10. Alex Lahey, “The Best of Luck Club”
Comparisons to fellow Millennial Aussie Lesbian punk-pop singer-songwriter Courtney Barnett are inevitable, but Lahey’s second LP doubles down on the pop half of that equation while making space for everything from acoustic balladry to a fist-pumping Clarence Clemmons-like sax solo. She’s not weary of being loud (note the wall of shoegaze-y guitars on “Am I Doing It Right?”) or viscerally punk (“Misery Guts”); still, it’s her way with a hook that translates into power-pop bliss, especially on the jaunty “Isabella” or the letter-perfect anthem “Don’t Be So Hard On Yourself” (aka the one with that sax solo.)
9. Raphael Saadiq, “Jimmy Lee”
Definitely not a safe follow-up to 2011’s exquisite Stone Rollin’, Saadiq’s long-gestating concept album about his deceased brother who struggled with drug addiction is all over the place. The abrupt transitions are akin to changing channels, switching between his beloved neo-soul, hip-hop, electro new wave, psychedelia and even preacher-led gospel. A jarring listen for sure, but one that’s also by design. Perhaps such density needs a period longer than a year to gestate. For now, I return most often to the lush, urgent “This World Is Drunk”, while remaining invested enough in the rest to wanna figure it all out.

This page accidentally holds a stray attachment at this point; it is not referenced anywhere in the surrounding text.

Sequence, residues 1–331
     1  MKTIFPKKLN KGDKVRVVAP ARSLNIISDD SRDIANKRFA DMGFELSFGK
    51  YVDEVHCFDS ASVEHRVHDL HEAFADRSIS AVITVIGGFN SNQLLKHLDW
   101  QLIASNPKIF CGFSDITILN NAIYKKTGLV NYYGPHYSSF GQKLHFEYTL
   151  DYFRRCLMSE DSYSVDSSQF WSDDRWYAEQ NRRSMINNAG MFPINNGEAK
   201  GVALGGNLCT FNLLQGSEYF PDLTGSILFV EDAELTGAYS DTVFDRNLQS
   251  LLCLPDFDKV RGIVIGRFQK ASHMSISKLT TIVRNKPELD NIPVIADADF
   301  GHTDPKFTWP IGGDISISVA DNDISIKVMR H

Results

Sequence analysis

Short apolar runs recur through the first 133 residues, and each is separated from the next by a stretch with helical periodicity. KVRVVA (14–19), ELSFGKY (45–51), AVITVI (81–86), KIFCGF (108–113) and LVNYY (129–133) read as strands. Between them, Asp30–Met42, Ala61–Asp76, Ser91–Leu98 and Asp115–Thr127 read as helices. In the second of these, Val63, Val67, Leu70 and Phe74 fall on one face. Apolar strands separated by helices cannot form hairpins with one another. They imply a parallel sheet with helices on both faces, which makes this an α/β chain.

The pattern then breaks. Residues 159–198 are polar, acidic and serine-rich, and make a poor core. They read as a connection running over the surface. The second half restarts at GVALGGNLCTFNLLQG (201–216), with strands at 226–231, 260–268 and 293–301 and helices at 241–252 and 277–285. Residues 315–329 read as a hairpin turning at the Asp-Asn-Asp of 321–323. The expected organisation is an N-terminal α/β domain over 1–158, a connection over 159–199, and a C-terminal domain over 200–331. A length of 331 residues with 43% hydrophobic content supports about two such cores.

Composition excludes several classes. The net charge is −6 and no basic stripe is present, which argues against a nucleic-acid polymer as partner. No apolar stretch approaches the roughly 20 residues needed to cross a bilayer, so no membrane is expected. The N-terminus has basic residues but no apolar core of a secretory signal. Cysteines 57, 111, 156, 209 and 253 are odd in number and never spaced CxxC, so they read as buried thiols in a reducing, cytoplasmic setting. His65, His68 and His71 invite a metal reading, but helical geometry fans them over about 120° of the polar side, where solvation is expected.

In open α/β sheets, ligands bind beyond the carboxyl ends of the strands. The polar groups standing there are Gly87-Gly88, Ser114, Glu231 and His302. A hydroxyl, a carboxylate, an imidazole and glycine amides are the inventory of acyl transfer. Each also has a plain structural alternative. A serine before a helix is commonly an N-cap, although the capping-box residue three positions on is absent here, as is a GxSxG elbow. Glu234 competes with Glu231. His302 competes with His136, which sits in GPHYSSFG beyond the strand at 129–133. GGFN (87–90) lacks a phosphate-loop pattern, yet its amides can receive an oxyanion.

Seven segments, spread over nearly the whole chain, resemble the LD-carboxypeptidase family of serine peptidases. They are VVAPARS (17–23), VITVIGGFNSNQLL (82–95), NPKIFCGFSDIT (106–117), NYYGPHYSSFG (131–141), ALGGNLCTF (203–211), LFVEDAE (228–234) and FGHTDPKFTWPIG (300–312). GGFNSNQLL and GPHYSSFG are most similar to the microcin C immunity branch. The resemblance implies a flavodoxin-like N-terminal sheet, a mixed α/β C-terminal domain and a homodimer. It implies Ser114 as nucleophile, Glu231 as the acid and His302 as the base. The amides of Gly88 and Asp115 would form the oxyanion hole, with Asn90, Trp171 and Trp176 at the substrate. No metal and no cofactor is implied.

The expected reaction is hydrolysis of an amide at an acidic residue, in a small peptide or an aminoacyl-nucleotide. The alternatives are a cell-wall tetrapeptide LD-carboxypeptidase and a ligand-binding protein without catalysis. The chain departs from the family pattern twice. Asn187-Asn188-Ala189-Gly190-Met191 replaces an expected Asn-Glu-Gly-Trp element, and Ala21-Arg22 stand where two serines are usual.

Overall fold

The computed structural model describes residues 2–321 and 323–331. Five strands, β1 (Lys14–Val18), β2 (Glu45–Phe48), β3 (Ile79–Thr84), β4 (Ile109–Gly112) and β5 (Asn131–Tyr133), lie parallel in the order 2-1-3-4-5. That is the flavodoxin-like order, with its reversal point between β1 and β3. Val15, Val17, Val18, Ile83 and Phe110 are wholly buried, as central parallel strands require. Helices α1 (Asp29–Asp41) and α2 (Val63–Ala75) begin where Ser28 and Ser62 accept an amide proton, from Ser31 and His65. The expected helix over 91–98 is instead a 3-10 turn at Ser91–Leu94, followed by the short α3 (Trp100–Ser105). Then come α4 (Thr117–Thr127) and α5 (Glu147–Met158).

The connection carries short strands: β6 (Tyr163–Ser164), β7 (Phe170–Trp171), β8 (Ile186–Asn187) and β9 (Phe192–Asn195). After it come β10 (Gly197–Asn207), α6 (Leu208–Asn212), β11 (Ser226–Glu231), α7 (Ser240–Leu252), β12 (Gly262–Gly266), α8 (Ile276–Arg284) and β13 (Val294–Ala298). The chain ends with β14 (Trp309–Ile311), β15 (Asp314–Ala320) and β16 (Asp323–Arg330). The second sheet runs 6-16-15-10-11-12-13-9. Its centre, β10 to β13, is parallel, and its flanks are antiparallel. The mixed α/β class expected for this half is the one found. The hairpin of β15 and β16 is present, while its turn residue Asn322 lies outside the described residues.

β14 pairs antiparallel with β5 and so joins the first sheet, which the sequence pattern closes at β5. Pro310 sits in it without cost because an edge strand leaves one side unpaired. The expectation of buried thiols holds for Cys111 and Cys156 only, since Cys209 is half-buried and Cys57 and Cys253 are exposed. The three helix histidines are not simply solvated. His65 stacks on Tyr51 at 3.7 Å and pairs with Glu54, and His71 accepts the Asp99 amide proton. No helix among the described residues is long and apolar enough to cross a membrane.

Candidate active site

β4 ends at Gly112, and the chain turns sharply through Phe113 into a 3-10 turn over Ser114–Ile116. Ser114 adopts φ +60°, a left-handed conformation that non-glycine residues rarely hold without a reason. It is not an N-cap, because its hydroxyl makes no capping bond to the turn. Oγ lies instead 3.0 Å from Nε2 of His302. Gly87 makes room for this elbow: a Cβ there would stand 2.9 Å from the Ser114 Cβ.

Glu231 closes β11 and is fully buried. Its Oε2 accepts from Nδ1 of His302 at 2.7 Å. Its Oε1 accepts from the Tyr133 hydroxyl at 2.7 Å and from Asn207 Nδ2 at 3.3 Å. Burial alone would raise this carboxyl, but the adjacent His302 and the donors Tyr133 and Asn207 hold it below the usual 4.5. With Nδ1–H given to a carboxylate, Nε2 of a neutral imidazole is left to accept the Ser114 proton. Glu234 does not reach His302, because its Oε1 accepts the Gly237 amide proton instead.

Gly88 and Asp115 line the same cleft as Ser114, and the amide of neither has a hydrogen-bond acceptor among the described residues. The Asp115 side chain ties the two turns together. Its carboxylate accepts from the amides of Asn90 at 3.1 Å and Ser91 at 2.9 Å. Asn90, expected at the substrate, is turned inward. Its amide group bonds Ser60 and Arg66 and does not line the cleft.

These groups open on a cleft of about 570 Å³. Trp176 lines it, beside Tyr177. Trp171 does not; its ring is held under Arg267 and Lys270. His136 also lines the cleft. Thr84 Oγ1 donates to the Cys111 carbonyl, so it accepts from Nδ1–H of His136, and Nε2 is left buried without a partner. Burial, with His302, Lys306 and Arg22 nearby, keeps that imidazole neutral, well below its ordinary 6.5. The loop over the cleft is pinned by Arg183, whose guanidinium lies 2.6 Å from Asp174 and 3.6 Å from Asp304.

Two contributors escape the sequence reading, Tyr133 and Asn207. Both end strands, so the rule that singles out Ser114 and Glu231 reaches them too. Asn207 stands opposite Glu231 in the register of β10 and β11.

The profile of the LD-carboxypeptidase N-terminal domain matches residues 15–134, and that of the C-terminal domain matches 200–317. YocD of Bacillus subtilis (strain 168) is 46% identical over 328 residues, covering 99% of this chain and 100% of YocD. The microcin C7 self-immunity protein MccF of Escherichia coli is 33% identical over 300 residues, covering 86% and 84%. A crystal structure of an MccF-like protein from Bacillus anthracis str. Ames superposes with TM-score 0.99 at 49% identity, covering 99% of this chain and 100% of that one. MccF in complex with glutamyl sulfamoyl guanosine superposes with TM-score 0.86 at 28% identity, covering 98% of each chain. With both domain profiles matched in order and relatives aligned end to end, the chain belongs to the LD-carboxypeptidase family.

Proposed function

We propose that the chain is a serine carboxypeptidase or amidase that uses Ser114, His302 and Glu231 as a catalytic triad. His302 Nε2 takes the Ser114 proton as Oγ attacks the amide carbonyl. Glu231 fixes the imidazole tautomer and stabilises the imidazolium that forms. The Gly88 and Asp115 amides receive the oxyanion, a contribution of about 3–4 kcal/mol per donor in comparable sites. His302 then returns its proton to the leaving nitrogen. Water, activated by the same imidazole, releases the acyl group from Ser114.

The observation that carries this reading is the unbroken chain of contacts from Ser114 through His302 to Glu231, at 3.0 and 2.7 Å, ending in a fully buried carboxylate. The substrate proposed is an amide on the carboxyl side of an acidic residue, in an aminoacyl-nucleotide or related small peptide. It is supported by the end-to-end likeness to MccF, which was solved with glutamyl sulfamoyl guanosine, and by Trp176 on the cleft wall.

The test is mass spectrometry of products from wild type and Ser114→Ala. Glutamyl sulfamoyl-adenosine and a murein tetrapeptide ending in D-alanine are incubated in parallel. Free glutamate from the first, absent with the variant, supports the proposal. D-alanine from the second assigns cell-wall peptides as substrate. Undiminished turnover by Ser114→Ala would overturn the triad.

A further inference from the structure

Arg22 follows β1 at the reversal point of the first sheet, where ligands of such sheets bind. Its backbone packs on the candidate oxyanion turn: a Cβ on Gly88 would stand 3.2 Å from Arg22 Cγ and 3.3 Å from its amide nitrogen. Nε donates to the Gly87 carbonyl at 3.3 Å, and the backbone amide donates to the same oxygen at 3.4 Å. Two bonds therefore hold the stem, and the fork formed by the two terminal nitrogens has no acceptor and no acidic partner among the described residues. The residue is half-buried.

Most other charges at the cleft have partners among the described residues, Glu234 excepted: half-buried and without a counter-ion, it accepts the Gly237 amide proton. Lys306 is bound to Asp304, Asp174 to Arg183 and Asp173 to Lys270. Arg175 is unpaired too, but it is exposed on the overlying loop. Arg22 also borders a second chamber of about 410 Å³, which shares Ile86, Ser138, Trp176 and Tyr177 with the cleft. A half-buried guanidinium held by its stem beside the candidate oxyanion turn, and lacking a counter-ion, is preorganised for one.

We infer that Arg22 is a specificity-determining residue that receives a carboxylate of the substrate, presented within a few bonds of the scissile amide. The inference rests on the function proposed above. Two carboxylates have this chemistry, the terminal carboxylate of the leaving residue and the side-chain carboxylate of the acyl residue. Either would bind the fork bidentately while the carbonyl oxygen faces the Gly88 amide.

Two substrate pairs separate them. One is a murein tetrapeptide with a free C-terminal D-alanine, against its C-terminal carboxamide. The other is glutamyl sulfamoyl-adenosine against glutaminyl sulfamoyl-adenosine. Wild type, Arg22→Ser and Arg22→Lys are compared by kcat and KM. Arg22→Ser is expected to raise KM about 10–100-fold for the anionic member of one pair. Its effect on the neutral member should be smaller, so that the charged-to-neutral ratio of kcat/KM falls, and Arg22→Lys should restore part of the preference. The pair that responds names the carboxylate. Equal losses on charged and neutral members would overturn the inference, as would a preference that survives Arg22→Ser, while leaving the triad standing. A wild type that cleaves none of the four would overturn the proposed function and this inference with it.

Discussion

8. Dream Syndicate, “These Times”
This 80s Paisley Underground band’s second reunion effort benefits from no longer having to live up to the sky-high expectations 2017’s How Did I Find Myself Here? generally met. Looser, more relaxed but still assured, it’s a solid, concise LP not unlike many of leader Steve Wynn’s prime ’90s solo efforts, not to mention those three underrated band follow-ups to 1982’s revered The Days Of Wine and Roses. While no one will ever mistake these guys for innovators, their themes here are of the moment, while the melodies, particularly on “Bullet Holes”, “Still Here Now” and “Recovery Mode” sound suitably timeless.